22, 23. (a) How does one make himself available for the responsibilities of an overseer? (b) What Scriptural principles will help him succeed?
22 How does one make himself available for the responsibilities of being an overseer? Not by pushing himself forward, flattering an overseer or telling of one’s own superior qualities for the assignment. Nor is it by trying to build up a sentiment for support among others in the congregation by criticizing the present servants after the manner of Absalom. (2 Sam. 15:2-6) No, it is, rather, by first properly performing all the primary obligations of Christians mentioned in the previous article. By making advancement in developing the fruits of the spirit. Then demonstrating zeal, diligence and regularity in supporting all congregation meetings and service activity. Taking part in the training program, showing willingness to help others, and all such things. These are observable to others. It was in this way that Timothy made himself available for additional responsibilities. “He was well reported on by the brothers.” (Acts 16:2; 1 Tim. 4:12-16) It is also vital to be faithful in the performance of every obligation, no matter how small or insignificant it may appear. “The person faithful in what is least is faithful also in much.”—Luke 16:10.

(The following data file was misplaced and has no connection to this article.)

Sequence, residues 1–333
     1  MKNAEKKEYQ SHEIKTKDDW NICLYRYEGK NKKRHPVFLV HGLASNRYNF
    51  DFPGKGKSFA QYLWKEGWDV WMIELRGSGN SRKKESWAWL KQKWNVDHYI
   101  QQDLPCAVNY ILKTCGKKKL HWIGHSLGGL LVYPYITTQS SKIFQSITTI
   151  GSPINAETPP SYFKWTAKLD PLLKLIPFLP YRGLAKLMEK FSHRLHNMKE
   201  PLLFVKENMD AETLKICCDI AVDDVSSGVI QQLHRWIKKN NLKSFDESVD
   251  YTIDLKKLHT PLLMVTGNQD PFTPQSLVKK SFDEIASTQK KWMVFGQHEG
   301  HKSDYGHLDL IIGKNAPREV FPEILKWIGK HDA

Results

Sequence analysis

23 So all you who can, reach out for the additional obligations, the fine work of being an overseer. And you who are overseers, assume your additional obligations. “Shepherd the flock of God in your care, not under compulsion, but willingly; neither for love of dishonest gain, but eagerly; neither as lording it over those who are God’s inheritance, but becoming examples to the flock.”—1 Pet. 5:2, 3.